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October 7, 2005

Deaf homicide suspect called unfit for trial

From: Pittsburgh Post Gazette, PA - Oct 7, 2005

He's delusional, expert witness says

By Gabrielle Banks, Pittsburgh Post-Gazette

A psychiatric expert in a Beaver County double homicide case testified yesterday that the defendant, who is deaf, told her he heard spirit voices from a cassette placed in his head. She said he was not competent to stand trial because he cannot determine what is real and what is not.

"Because he believes in these voices and that needles are being put into him, it impairs his judgment," said Dr. Christine Martone, a forensic psychiatrist experienced in evaluating criminal defendants.

The public defender presented a motion arguing that Thomas Simich Jr. was unable to defend himself in his current mental state.

Judge John D. McBride must decide whether to accept Dr. Martone's recommendation and transfer the defendant from the Beaver County Jail to Mayview State Hospital in South Fayette for up to 90 days, after which he could re-evaluate the 45-year-old Freedom man's mental competency.

Mr. Simich appeared calm and somber as he entered the courtroom in shackles, dressed in orange-and-white striped prison attire. He nodded to several family members seated in the courtroom before taking his seat behind a wall court officials erected behind the defense table so that no one fluent in American Sign Language could see the defense interpreters, a violation of attorney-client confidentiality.

The court provided two additional interpreters and projected a real-time transcription of the hearing onto monitors for Mr. Simich and his parents.

The parents, who also are hearing impaired, witnessed the shooting of their daughter and son-in-law on May 2 at their home. The victims were on vacation, visiting from Florida.

Dr. Martone met with the defendant in July and reviewed his medical and school records. Mr. Simich told her he used cocaine and NoDoz caffeine pills. He said in recent months he had experienced a variety of delusions and hallucinations.

He said he thought the victims, Marilyn and Steven Bergman, belonged to a cocaine cartel and that he was a federal narcotics agent. The voices in his head told him he was being pursued by Nazis and that his blood would be used to cure AIDS. He believed he was a polygamist and that one of his children had been cryogenically frozen at the age of 10. In a former life, he told Dr. Martone, he was the 14th-century Russian prince known as Ivan the Red.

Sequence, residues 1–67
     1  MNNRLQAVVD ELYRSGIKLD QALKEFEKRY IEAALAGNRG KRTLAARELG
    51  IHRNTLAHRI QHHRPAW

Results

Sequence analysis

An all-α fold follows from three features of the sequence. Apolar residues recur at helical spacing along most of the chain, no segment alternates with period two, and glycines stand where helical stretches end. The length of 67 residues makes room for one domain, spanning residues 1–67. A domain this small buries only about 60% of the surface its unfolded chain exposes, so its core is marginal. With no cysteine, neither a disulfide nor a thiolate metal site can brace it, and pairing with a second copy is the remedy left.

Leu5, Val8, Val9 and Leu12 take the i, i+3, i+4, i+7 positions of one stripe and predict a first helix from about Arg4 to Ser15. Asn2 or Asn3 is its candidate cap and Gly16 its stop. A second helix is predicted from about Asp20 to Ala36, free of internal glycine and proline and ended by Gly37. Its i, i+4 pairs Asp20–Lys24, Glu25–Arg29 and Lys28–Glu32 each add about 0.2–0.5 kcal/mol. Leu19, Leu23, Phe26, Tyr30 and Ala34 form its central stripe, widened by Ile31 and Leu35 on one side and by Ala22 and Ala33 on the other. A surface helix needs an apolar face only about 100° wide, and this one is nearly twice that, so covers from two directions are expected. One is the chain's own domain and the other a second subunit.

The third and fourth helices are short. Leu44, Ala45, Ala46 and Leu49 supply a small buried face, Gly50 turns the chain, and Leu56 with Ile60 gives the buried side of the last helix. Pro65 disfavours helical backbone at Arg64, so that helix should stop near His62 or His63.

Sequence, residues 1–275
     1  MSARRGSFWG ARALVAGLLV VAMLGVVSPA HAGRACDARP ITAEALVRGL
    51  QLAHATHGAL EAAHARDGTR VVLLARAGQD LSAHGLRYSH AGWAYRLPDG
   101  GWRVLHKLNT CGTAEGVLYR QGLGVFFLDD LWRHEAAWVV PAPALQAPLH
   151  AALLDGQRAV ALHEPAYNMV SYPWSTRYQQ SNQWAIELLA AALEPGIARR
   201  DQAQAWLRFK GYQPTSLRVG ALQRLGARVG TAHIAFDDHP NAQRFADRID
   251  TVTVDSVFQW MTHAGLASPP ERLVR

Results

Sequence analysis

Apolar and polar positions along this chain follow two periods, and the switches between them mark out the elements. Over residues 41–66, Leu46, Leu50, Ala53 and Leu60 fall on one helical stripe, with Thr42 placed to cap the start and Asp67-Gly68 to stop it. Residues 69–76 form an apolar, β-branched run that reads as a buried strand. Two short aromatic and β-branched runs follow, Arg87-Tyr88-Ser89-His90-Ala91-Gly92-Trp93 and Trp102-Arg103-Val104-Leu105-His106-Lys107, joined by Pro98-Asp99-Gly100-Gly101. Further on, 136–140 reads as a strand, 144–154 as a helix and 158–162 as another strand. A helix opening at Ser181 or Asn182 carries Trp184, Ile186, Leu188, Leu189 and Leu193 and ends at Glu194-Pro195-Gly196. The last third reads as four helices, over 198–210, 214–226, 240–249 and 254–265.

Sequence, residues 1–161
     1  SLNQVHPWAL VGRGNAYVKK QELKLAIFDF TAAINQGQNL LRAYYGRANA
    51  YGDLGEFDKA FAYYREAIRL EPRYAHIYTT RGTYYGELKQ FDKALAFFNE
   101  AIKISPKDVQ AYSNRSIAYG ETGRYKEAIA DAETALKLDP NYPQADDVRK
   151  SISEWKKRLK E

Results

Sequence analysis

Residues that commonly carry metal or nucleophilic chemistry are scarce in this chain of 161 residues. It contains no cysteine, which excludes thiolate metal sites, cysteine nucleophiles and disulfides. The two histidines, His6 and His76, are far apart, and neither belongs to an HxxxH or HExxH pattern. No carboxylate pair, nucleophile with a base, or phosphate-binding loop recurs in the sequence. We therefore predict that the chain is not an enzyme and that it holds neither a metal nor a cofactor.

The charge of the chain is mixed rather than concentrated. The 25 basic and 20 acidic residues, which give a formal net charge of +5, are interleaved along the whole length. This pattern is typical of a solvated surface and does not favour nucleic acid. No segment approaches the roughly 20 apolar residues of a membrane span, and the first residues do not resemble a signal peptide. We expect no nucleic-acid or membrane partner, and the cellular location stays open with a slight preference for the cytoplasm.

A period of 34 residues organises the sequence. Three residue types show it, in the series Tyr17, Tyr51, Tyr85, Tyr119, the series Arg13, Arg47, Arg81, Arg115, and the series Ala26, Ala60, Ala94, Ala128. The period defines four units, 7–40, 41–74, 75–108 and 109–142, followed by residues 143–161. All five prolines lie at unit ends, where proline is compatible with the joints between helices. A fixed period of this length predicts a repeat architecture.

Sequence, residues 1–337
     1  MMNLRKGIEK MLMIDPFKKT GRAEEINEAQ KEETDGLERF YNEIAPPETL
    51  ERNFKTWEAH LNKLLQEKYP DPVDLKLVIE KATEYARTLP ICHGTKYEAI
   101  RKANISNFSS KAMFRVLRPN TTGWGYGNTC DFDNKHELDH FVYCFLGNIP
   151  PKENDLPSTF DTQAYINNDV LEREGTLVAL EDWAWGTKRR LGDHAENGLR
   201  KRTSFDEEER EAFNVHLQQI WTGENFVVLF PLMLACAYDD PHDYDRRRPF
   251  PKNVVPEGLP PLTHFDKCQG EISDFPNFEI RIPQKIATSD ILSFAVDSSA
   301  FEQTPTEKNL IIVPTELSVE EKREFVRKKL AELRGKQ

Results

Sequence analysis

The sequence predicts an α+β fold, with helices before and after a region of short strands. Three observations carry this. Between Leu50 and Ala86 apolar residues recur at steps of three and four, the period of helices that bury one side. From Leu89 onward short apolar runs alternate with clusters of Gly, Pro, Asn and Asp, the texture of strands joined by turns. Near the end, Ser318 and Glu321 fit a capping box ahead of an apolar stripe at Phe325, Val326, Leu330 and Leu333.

"It is not difficult for an educated person to say falsely that they are experiencing delusions," the psychiatrist said. "What is difficult is to imitate the delusions" as Mr. Simich did, veering off on tangents and interjecting comments at random, she said.

She attributed his behavior to paranoid schizophrenia. She did not believe Mr. Simich, who had above-average grades in school, was psychologically impaired as a result of brain damage he may have suffered in two car accidents and a 1983 dustup with California police officers.

It is possible the father of two began having psychotic episodes prior to the homicides he is charged with.

About three years ago, Mr. Simich's 61-year-old stepbrother Warren Bell received a threatening message from the defendant's TTY machine, according to Mr. Bell's wife, Liz. The Bells were on good terms with him up until that day.

Mr. Simich's cousin and regular childhood playmate, Richard Hudock, said he noticed "Tommy" was slipping a few months before the May 2 shooting and decided it probably was not a good idea to have him around his children.

"He was talking to somebody who wasn't there," Mr. Hudock, 39, said. "That guy you see there," he added, pointing to the defendant, "is definitely not the same person I know."

(Gabrielle Banks can be reached at or 412-263-1370.)

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